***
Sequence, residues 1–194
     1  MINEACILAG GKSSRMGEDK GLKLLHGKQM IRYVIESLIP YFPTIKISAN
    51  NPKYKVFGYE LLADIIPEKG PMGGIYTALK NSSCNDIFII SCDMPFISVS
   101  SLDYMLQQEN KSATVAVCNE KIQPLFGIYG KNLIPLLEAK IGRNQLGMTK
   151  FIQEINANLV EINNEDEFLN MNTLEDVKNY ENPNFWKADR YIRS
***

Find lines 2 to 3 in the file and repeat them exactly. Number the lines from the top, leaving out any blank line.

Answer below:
     1  MINEACILAG GKSSRMGEDK GLKLLHGKQM IRYVIESLIP YFPTIKISAN
    51  NPKYKVFGYE LLADIIPEKG PMGGIYTALK NSSCNDIFII SCDMPFISVS